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For months they agonized over and crafted it, this gift to me they bestowed

It is precious to me, not something that could ever be bought or sold

Forever mine from that day, it can never be taken from me, only given away.

Yet I wanted more, and less, and so with time I crafted more in its mold.


I share my gift readily with those whose friendship is my goal

And in truth they would be shown to use it more readily then I in any poll

Even if it were something I wished to shield it's a thing others have the right to wield

It's forever mine, yet others claim equal ownership over it, in part and in whole


On this day I offer you part of this gift again, but this time so different from the past

I offer more, by offering less, a meager part of the whole, just the tiny bit that is last

A fraction of this thing I don't solely own, so little a thing anyone could clone

Yet this meager offering more sacred to me than any riches I have amassed

What 'gift' is the poet planning to offer?

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  • $\begingroup$ Did you mean: "Yet this meager...*than... $\endgroup$ – indubitablee May 9 '17 at 21:36
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I guess the poet is offering up

their name.

For months they agonized over and crafted it, this gift to me they bestowed

Parents often wrestle over what name to give their child, and have - well - up to 9 months to finalize that decision, usually.

It is precious to me, not something that could ever be bought or sold

A name is yours, not something that can be bought or sold, and is (literally) who you are.

Forever mine from that day, it can never be taken from me, only given away.

You can give someone your name (by telling them what your name is). Also, in many cultures people traditionally give their spouse their name, or give up their name, at their marriage.

Yet I wanted more, and less, and so with time I crafted more in it's mold.

Children take their parents' surname - so their name is both more, and less, than their parents' but is in the same "mold".

I share my gift readily with those who's friendship is my goal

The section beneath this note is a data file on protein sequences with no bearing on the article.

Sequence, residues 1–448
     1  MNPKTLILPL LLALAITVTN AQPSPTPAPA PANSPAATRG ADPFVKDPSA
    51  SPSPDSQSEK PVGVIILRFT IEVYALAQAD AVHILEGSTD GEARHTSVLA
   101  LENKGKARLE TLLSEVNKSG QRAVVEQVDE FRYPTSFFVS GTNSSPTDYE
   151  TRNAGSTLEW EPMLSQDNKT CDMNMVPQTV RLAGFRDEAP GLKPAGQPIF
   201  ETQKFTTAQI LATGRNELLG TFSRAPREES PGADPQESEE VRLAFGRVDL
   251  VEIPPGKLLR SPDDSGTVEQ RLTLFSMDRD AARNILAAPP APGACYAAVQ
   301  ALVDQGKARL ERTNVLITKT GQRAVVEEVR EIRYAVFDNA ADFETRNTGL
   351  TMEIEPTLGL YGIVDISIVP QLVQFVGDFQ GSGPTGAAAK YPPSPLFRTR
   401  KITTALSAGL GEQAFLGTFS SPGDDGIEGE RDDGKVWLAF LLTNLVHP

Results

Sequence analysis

You tell your name to someone you want to be friends with.

And in truth they would be shown to use it more readily then I in any poll

You don't say your own name that often, compared to others saying your name.

Even if It were something I wished to shield it's a thing others have the right to wield

You can't really stop people from referring to you by name, even if it's to bad-mouth you.

It's forever mine, yet others claim equal ownership over it, in part and in whole

It's your name, but others may have the same name (in whole), and certainly others will have your surname (in part).

I offer you part of this gift again, but this time different from the past

The poet may be proposing, thus offering up part of their name to their intended,

I offer more, by offering less, a meager part of the whole, just the tiny bit that is last

... offering their last name,

A fraction of this thing I don't solely own, so little a thing anyone could clone

... the surname they share with their family but which is not something anyone can protect others from adopting.

Yet this meager offering more sacred to me then any riches I have amassed

The offering is of marriage, a precious thing - to share the poet's life intimately.

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  • 4
    $\begingroup$ You don't only tell it to someone you want to be friends with, Inigo Montoya ;-) $\endgroup$ – Rand al'Thor May 9 '17 at 21:43
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    $\begingroup$ I didn't say "only" :) $\endgroup$ – Rubio May 9 '17 at 21:44
  • $\begingroup$ For the record the last line of the first stanza, I had specifically phrased it mostly thinking about nicknames, getting 'more' names by getting less, shorter, ones to use. It worked well as part of the first stanza, the latter two sort of made it feel out of place, as the third stanza I added later changed what the poem was really asking about it just feels a little odd having the one line distraction. But I'd wasted enough time making this up and figured I should go do something productive so I left in a clue I liked in issolation even if it felt a little odd in context heh $\endgroup$ – dsollen May 11 '17 at 13:45

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